“When creating my playlists, I’m sure to do my research and tap. A lot of the time my music digging even leads to the discovery of new artists on PNW. Let there be flow and energy with the song.
My wish is to make sure that the music is presented in the right way in Washington and Oregon. All genres and subgenres within this region are important, and I want to assure you that every artist you listen to has expanded exponentially. Representation required. ”
EvryBdyHateMelo – Wave effect: Midwest
Melo, better known as “EvryBdyHateMelo”, was born and raised on the South Side of Chicago. As a music hub, Chicago was rooted in it from the start: from watching his dad make mixtape on his tape deck to playing in one of Chicago’s most prestigious bands, to spending some of Chicago’s biggest bands. It’s safe to say that there is music in Mello’s DNA.
“The biggest misconception about music from my region is that it’s all super thug out. We’ve got a lot of artists and singers coming up with some hard music and talking about things that aren’t usually normal from the original music in the Midwest … Being a ripple effect curator is a dope for me because I can shine on what my region has to offer. Bright light. ”
Red Corvette – Ripple Effect: Bay to LA
Red Corvette is a San Francisco, California native, COO and co-founder of Women’s Sound Off and founder of the Black Biz Bay Area. As one of the best DJs in the Bay Area, he has over seven years of experience and has played throughout festivals, nightclubs, tours, branded events and more. The Red Corvette has rocked everything from Trilectro and Electric Forest to the most popular nightclubs and bars in Cali and NYC.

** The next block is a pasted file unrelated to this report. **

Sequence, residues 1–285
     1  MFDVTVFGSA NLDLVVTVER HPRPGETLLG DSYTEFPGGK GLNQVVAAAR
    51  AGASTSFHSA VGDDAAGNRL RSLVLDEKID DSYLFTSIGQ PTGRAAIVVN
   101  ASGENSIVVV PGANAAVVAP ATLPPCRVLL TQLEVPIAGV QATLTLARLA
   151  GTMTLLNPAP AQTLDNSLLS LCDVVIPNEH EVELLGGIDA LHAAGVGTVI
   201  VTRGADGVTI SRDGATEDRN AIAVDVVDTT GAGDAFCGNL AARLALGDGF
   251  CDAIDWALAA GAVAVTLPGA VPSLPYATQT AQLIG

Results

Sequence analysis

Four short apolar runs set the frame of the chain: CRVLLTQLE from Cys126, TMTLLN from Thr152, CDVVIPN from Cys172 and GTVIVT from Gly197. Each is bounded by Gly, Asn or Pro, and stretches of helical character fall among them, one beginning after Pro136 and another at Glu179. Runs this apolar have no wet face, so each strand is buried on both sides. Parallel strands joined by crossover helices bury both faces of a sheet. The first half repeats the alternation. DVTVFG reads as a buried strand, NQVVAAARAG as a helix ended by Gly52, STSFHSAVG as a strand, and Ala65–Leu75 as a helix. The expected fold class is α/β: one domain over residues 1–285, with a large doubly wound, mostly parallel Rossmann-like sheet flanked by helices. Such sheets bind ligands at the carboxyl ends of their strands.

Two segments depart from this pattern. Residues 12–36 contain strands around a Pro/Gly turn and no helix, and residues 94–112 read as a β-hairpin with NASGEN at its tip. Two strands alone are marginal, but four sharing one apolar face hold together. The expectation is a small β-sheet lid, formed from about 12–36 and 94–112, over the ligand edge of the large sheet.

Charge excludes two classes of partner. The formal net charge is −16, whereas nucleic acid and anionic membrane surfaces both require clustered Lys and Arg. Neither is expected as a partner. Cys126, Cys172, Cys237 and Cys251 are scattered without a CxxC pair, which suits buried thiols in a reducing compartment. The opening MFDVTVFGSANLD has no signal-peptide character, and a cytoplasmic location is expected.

“California music has no unique name, just pure vibrancy and finessin.” Haifi What I was raised on, and I have many enlightened memories from the hyphy movement. People need to make sure they show some respect in the Gulf. ”
Where the Naughty – Wavy Effect: New England
Jason Almeida, professionally known as Hoars Nasty, is a Cape Verdean-American DJ and producer of Providence, a multimedia event in Rhode Island. In 2012, Where Nasty co-founded Silent, an agency and creative platform that focuses on events, content, design, marketing and product production. As a DJ he has traveled internationally playing significant events and festivals including Art Basel Miami, Duspaluza, One Day Only Festival, 40 Oz Bounce, A3C Festival, SXSW, PAO! Worcester, and the Atlantic Music Expo.
“I wouldn’t say that New England has a specific word, but we do [do] There are different influences due to the different cultures and communities that exist in this region. A true New England party touches on hip hop, R&B, reggae, afrobeats, Cape Verdean music, Haitian music, dembo, reggaeton, bachata and much more.
When I’m creating a playlist, I try to approach it as if I’m creating a DJ mix – what flows together, what determines the melody and what people need to know. Just heat, no filler. ”
DJ C Watts – Ripple Effect: Texas
DJ C Watts is an open-format DJ based in Houston, Texas. Originally from New Orleans, Watts is known for his party-style dinging. In addition to being in charge of Club Nightlife in Houston, he has DJed for local radio stations in his hometown and has appeared at Essence Music Fest, Rolling Loud Festival, SXSW and many major local festivals in his home state of Texas.